Step #2 – Practice on short stories. Brainstorm some new short ideas (micro-fiction, personal essays, poetry, chapters, etc) to practice fast writing. Don’t spend too long on this step; just make sure the idea is fresh and you’re not too attached to it (unlike your WIP). That way if it’s a disaster, you won’t care so much and can write it off as a learning experience.

Step #3 – Set an insanely tight timeframe (like a few hours) and GO! Get it out as fast as possible so that you can move on to the next step, because it’s the most important one…

Step #4 – Critically examine your fast draft. Set it aside for a day or a week so you can see it with fresh eyes, and zero in on your weak spots. It’s important to note what you gloss over or totally omit when you write fast. For me, fast writing tends to mean fast plotting, so though lots of exciting stuff happens, my characters aren’t well developed and lack inner conflicts. And without conflicted characters, all that action is less compelling. However, for you it might be the opposite. Maybe you created rich characters, but your plot falls flat. Everyone will be different.

And now for the fun part…

Step #5 – Create a Fast Writing Strategy. Now that you know you can write fast and the world won’t explode, use the weaknesses you identified in Step #4 to come up with a method for fast writing. I think of this as the bare basics I need to have in place before writing anything. You see, when I’m not writing fast, I have a whole development template in Scrivener that I go through, honing characters and story before I ever start the script stage. But if I need to write fast, I now know (because of my experiences above) that as long as I quickly flush out my characters’ defining traits and inner conflicts before I start, the story will turn out pretty good — at least good enough to edit into something better!

Having this Fast Writing Strategy has made me more confident, not just in my own writing but with my clients. I understand what my limits are and what the bare minimum is for me to start writing. Now I just have to set some ground rules for editing time…

PS – Speaking of writing short things to improve speed and skills, Robin and I are contemplating entering some short fiction blog hops and sharing our creations here. Stay tuned!

Author: Heather Jackson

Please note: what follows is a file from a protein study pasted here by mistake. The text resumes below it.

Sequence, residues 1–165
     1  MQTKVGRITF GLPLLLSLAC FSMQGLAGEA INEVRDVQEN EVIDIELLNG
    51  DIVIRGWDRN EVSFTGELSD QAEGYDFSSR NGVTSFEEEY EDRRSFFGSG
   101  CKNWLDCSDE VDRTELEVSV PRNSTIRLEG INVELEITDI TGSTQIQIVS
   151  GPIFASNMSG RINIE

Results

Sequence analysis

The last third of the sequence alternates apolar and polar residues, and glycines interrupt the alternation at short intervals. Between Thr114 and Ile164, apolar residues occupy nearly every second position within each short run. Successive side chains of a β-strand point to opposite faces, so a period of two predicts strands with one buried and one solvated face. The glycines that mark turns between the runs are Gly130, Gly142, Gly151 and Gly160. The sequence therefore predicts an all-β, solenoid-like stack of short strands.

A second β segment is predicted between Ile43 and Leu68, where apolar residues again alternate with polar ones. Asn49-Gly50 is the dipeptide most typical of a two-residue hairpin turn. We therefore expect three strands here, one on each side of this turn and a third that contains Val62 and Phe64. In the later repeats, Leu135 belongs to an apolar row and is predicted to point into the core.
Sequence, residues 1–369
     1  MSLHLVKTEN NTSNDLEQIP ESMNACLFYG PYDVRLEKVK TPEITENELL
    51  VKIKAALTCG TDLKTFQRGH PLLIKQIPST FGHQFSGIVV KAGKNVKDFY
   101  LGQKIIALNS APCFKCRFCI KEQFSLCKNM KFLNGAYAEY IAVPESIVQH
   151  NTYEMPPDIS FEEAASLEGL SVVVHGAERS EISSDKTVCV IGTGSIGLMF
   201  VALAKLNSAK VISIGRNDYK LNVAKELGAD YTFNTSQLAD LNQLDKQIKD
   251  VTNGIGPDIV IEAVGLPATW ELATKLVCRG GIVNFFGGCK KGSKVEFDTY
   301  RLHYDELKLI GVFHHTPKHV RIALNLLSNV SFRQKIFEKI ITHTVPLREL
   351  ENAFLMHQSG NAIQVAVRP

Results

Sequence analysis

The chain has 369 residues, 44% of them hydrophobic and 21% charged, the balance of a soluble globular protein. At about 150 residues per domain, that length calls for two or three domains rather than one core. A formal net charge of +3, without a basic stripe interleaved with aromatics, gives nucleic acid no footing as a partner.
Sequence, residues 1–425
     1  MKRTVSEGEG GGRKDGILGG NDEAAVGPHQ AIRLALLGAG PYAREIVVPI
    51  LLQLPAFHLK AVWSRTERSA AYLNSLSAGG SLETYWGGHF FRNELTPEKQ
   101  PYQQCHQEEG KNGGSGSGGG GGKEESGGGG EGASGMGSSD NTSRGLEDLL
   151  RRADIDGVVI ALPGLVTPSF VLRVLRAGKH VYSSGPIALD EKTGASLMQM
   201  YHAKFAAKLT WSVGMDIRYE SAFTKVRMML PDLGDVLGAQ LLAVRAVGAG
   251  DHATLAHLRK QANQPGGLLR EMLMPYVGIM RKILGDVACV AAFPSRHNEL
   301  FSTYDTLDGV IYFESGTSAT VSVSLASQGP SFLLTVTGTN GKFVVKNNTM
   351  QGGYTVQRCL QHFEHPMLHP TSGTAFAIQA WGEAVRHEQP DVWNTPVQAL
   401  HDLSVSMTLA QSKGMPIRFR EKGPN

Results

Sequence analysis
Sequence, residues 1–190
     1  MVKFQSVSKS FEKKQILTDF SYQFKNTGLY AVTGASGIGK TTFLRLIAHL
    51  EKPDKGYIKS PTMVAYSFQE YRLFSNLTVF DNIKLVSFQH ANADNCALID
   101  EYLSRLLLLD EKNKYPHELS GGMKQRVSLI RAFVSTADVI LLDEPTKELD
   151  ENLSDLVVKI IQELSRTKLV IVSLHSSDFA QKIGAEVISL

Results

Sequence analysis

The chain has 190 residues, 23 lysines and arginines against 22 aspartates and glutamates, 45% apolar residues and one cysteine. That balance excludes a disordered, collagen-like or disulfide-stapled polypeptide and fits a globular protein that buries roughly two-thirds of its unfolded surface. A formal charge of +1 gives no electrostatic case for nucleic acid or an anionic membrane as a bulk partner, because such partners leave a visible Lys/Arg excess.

Heather is a cartoon screenwriter, YA novelist, small town fugitive, and late-blooming gymnast. For more, visit her website at heatherjacksonwrites.com or follow her on Twitter @HeatherJacksonW

4 thoughts on “5 Tips to Turn Slow Writers into Fast Drafters”

  1. This is fascinating to read — are you familiar with visual novels at all? What you describe sounds a lot like that genre.

    Also, would you be willing to share your development template? It sounds really helpful!

    1. Hi Blaise! Visual novels as in graphic novels? Like comics? Do those have the same production schedule as television?

      As for my development template, it’s a combination of a lot of my blog posts! I start with a Logline, then I use the Outlining Method 1: The Basic Beats to get the bones of the story down. As I’m doing that, I develop character stuff like The Emotional Midpoint, Inner Conflict, Reactions and Interactions with others. There’s also the Pre-Writing Checklist to make sure I have the important stuff thought out before I start the scene-by-scene outline. I also have a Scene Checklist which is a work in progress based on these “Test That Scene” posts: Is It Essential or Filler? and Cut or Revise?

      Hope that helps!

      1. Visual novels are a category of games. They’re told in the narrative form, illustrated, and the player gets to make decisions throughout that guide the course of the narrative. I don’t know about their production schedules, I’m afraid, though. Thanks for describing your development process. That sounds really helpful!